At least nine people are feared dead after relentless rain from tropical storm Ida continued to fall into the early hours of Thursday and drenched the New York area, leaving major roads and subway stations submerged under water.
At least 3in (8.91cm) of rain fell in just one hour in New York’s Central Park, according to the US National Weather Service, surpassing the 1.94in that fell in one hour during tropical storm Henri on 21 August.
Police in New York City reported seven deaths, including a 50-year-old man, a 48-year-old woman and a 2-year-old boy who were found unconscious and unresponsive late on Wednesday inside a home.
They were pronounced dead at the scene, officers said. A further two deaths occurred in New Jersey, NBC New York reports.
Almost all subway lines in NYC and New Jersey Transit rail services were suspended late on Wednesday, while non-emergency vehicles were banned from the streets until 5am on Thursday. A travel advisory was put in place after the ban expired, however officials continued to advise non-emergency cars remained off streets and highways.
Flash-flood emergencies have also been issued by the National Weather Service, stretching from just west of Philadelphia to northern New Jersey.
New York’s FDR Drive, a major road on the east side of Manhattan, and the Bronx River Parkway were completely flooded by Wednesday evening.
Firefighters rescued a man from a car stuck in deep floodwaters on the parkway. Footage captured by New York TV station WABC-TV showed firemen carrying the man from his vehicle to dry ground after his SUV became one of many vehicles stuck in the water there.
At least one person was killed in flash flooding that inundated the New Jersey city of Passaic, mayor Hector Lora told CNN, who reported that the vehicle the man was travelling in was swept away by the water, causing firefighters to be swept under the vehicle.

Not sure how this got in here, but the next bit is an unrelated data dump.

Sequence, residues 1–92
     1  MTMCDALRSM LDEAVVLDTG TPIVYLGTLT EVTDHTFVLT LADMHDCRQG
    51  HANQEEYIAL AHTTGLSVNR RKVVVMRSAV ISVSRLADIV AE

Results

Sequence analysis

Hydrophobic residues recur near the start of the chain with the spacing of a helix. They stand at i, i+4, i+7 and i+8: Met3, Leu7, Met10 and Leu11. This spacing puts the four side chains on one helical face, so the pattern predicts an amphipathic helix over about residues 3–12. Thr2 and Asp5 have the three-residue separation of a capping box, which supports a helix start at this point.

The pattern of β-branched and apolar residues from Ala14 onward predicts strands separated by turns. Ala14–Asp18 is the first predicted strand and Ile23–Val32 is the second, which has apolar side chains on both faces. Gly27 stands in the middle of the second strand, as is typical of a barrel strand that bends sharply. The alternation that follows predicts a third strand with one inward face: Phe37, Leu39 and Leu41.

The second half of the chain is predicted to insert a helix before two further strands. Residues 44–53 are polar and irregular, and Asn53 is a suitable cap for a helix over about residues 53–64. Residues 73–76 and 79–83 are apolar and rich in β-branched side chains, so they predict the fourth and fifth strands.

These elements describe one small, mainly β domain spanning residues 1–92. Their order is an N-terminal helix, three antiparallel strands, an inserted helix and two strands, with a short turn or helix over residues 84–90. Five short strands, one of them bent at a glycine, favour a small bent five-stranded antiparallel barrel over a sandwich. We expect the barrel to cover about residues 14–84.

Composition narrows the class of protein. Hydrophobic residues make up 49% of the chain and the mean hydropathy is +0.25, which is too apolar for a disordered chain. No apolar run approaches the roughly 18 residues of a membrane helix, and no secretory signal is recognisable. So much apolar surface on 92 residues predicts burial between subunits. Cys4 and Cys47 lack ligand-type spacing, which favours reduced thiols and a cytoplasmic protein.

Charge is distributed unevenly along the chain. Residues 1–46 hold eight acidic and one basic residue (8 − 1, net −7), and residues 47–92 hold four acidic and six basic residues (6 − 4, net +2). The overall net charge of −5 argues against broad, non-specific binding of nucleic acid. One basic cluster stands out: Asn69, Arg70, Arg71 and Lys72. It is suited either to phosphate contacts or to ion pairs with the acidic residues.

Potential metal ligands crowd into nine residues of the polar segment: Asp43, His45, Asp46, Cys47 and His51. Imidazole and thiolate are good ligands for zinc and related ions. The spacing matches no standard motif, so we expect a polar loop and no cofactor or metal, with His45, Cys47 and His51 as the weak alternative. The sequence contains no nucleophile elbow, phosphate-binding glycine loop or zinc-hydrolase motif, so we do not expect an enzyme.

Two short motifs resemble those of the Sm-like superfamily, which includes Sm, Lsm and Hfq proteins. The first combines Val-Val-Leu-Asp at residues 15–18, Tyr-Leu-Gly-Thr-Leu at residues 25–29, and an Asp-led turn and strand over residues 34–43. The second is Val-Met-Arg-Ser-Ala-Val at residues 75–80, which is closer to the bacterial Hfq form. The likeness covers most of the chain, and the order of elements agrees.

Mr Lora said the body of a man in his seventies was eventually retrieved from floodwaters.
The incident contributed to governor Phil Murphy’s decision to declare a state of emergency in all of New Jersey’s 21 counties, urging people to stay off the flooded roads.
Meteorologists warned that rivers likely will not crest for a few more days, sparking concerns about the possibility of further widespread flooding.
Videos posted to social media show cars on streets almost entirely covered by water, while one striking clip, posted by the New TR News Agency, shows NYC’s Jefferson Street station being flooded by burst pipes.
Storm damage from Ida astounded officials three days after it pounded southern Louisiana, as reconnaissance flights revealed entire communities devastated by wind and floods.
Tornadoes spawned by the storm ripped through parts of Pennsylvania and New Jersey, images on social media showed.
Meanwhile, the roof collapsed at the Postal Service building in Kearny, New Jersey, last night with people inside, police sergeant Chris Levchak said. Rescue crews were on scene into the early hours of Thursday but there has so far been no update on the number of people injured.
Elsewhere, at least nine homes were destroyed in Mullica Hill, New Jersey, Philadelphia’s NBC10 television station reported.
It comes after a grim two weeks in the US, which has seen 20 killed in flooding in a small Tennessee town, wildfires threatening Lake Tahoe, tropical storm Henri in the northeast and Ida’s landfall in Louisiana, leaving dozens of residents without power.
Experts believe tropical storm Henri, which hit the northeast of America a little more than a week ago, and caused major flooding, left parts of the region such as New York and New Jersey more vulnerable to Ida.
Additional reporting by agencies
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